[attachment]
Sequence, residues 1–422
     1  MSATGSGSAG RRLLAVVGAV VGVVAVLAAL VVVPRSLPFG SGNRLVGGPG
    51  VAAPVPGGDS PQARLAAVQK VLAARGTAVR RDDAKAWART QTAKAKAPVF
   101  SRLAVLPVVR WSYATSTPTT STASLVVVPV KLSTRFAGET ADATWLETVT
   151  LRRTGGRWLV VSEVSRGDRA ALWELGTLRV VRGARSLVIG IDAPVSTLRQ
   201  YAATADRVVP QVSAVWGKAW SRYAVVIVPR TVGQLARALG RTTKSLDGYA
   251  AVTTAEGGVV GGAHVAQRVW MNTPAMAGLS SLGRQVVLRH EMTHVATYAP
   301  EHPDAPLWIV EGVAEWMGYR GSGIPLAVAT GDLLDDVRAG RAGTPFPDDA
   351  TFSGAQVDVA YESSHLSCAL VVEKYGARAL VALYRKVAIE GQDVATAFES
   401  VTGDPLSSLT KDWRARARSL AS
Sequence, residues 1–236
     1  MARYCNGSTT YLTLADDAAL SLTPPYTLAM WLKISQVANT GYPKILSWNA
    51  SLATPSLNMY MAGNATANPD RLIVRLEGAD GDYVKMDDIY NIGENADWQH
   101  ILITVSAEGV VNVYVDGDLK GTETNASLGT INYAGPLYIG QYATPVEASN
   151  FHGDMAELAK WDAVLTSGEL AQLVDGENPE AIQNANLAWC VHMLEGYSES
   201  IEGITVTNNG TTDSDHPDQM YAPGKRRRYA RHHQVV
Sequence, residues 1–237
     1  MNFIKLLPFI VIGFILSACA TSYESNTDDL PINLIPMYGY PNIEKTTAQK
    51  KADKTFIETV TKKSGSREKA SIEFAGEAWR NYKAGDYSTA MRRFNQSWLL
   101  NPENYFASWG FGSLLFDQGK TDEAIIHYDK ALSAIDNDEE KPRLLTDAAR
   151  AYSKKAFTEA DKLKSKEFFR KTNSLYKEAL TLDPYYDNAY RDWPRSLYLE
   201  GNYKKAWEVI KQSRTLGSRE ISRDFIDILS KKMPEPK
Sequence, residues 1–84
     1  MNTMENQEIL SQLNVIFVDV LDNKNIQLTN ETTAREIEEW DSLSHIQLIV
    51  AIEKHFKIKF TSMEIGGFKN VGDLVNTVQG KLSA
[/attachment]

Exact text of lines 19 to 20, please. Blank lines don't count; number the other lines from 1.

    51  KADKTFIETV TKKSGSREKA SIEFAGEAWR NYKAGDYSTA MRRFNQSWLL
   101  NPENYFASWG FGSLLFDQGK TDEAIIHYDK ALSAIDNDEE KPRLLTDAAR